Red Onion has been serving satisfied customers in the South Windsor area for over 15 years. Steve and Despoina Austin took over ownership in November of 2016 and can be found at the restaurant daily as the new Management. We take pride in using only the freshest ingredients in all of our recipes. Whether you crave one of our gourmet pizzas, abundant salads, or a Red Onion house specialty, the wide variety on our menu has something for everyone. We offer lunch and dinner specials that change every day. We hope to serve you soon!
In fairness to the Red Cabin, the building looks like a red cabin. So they really didn’t have a choice in the matter.
I picked up an eggplant grinder from the Red Onion one day. It was not the best eggplant parmesan grinder I’ve ever had.
But the restaurant was pretty darn busy for a random weekday afternoon, so that’s good. The decor is quite different from the other Red. Here, it is very dark and loungey, in that Quincy kinda way. Y’know, like where the creepy old coroner would work his suave magic on some poor woman while Sam tried to remain focused on the case.
Anyway, when I make eggplant parm, I “sweat” the eggplant to remove the inherent bitterness. It does not appear The Red Onion employs this technique, but the bread and sauce were great, overcoming any eggplantian shortcomings.
Oh, and the woman forgot to charge me until I insisted I had to pay her. She was smitten with my honesty, but her boss didn’t seem too pleased about the mistake.
In the battle of the South Windsor Reds, I’m calling it a draw. Both joints are serviceable and homey. And certainly better than Johnny Rockets or whatever.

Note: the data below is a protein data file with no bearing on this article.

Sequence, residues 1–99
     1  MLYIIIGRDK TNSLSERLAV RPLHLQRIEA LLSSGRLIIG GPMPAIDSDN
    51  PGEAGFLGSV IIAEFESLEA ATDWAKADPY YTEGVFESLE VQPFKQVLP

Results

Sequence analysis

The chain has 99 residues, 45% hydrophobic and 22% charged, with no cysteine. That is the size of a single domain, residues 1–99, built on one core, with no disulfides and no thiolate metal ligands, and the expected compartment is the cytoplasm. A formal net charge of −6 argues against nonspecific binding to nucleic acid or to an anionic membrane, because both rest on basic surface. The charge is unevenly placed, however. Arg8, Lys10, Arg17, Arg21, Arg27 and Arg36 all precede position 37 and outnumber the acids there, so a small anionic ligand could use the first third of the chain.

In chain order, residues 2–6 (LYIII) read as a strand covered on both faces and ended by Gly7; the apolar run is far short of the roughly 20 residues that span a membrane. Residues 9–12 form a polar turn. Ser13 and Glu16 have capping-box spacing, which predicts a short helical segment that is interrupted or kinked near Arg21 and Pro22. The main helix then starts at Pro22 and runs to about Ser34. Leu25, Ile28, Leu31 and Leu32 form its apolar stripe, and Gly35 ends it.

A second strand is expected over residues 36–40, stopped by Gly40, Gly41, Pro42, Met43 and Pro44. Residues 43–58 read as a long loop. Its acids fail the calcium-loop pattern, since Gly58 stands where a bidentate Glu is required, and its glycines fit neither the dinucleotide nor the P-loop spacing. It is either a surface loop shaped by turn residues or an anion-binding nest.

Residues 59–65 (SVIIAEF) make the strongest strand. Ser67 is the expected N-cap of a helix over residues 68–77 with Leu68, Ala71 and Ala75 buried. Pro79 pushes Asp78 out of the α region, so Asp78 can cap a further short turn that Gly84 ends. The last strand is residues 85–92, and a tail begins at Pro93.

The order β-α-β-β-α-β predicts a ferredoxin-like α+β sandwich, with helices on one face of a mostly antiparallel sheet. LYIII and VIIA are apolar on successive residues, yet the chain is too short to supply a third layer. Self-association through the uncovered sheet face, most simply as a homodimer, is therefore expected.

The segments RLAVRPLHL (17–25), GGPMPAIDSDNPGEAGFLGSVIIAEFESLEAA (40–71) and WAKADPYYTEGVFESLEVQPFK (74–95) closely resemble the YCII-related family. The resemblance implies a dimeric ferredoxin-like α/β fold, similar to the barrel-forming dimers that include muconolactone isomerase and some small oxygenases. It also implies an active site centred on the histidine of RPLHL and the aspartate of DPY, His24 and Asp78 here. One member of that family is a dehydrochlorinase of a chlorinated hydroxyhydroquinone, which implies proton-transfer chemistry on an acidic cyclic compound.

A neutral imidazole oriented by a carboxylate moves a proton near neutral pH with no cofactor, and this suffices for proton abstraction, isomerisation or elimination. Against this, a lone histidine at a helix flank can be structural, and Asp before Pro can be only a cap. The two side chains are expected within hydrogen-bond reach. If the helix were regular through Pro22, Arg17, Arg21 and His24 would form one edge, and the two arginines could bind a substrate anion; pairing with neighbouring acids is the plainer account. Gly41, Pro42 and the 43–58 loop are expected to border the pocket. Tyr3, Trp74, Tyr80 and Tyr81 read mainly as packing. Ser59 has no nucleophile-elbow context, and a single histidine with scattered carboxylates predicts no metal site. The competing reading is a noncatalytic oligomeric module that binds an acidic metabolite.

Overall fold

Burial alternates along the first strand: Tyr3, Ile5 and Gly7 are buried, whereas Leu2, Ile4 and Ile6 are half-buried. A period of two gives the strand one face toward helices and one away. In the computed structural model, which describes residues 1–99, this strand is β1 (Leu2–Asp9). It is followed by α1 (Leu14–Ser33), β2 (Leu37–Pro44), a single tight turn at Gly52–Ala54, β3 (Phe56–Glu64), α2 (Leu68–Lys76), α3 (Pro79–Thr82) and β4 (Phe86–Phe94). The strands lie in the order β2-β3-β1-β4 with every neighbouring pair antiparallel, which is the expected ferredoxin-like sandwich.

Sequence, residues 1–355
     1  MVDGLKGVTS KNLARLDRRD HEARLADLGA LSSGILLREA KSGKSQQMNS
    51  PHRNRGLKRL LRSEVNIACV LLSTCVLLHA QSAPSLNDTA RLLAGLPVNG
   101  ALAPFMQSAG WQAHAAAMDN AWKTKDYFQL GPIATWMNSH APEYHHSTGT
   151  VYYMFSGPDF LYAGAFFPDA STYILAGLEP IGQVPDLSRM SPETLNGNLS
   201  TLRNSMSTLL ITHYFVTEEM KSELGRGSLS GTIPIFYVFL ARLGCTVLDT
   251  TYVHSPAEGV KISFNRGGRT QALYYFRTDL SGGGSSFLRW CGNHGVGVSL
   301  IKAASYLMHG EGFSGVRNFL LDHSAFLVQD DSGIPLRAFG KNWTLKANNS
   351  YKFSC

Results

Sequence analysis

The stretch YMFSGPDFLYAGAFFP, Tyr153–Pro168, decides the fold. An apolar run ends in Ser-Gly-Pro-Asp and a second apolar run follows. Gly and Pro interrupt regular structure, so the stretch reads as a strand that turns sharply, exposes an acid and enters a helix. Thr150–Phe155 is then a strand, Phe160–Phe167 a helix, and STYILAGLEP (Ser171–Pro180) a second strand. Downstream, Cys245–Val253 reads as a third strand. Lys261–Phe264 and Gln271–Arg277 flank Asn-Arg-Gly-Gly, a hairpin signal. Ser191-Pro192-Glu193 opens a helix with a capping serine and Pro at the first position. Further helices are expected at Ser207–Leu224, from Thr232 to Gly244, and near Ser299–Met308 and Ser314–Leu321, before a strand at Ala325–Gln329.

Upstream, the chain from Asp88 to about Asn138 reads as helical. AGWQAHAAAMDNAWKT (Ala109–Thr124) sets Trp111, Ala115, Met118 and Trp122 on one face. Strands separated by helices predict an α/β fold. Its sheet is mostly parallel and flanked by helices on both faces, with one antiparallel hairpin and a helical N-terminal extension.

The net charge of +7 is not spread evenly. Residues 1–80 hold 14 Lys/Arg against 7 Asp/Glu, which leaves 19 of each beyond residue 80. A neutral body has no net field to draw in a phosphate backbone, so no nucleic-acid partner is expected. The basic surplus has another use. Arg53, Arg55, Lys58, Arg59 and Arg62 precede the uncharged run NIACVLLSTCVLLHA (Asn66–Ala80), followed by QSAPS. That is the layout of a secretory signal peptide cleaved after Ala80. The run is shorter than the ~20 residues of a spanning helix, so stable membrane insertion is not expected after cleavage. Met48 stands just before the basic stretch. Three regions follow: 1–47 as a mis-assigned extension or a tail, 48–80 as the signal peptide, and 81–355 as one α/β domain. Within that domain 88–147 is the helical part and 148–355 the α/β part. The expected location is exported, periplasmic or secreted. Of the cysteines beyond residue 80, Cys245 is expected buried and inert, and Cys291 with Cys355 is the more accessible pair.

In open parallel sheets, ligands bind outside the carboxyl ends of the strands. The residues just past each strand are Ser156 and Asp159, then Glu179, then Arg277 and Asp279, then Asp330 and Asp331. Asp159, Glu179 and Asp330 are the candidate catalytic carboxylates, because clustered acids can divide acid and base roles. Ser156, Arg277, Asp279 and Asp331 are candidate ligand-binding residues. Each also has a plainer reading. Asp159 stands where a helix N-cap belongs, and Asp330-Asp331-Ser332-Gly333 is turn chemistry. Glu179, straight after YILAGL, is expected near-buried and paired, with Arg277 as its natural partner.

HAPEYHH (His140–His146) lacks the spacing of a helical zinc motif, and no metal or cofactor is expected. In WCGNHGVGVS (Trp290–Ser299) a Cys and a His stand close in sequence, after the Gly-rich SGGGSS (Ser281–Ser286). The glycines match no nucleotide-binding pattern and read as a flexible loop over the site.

South Windsor Wrap-Up
I would guess that most people view South Windsor through the prism of strip malls and whatever Evergreen Walk is called. “Mixed use consumer experience” or whatever.
And while that association is pretty fair, I’ve found that there’s much more to the town than that junk. It is, after all, a true Connecticut River town. Even if they don’t really play that up much at all. Most of the tobacco fields are gone, but the town does still retain a tiny agri-economy here and there.
Even though it seems to be defined by Route 5 and the Buckland Hills area, I found many rather pleasant areas away from those areas. The five properties that the town maintains for hiking and recreation are unbelievably well-kept.
With each property I walked, I became ever more stunned at the amount of upkeep the towns town performs at each one. And a drive west off of Main Street towards the river offers explorers a chance to feel like they are far, far away from the overcrowded roads the town is known for.
I’ve made many trips to South Windsor over the years; mostly because it’s not far from my work or home. Once I took Calvin there simply to look at all the fish at the Aquatic Wildlife Company. It’s an impressive store – not CTMQ-worthy, but a quick and fun little place for kids to think they are at a real aquarium or something.
As Steve Wood, I must give some love to a town with a museum named The Wood Memorial Library and Museum. A couple impressive “US Oldest” superlatives, a brewery, and at least one unique (Pakistani) restaurant, South Windsor more or less lives up to its “SoWin” hashtaggy portmanteau.
Thought exercise: If I had to send someone to South Windsor for a day… I would start them out at the Hartford Audubon Society’s property along the Connecticut River to clear their mind. From there, they must drive down Beelzebub Road. Then out to Route 5 for lunch at Rasham and then a jaunt through the Frank Niederwerfer Wildlife Sanctuary in the northeastern pip of the town.
South Windsor: Done!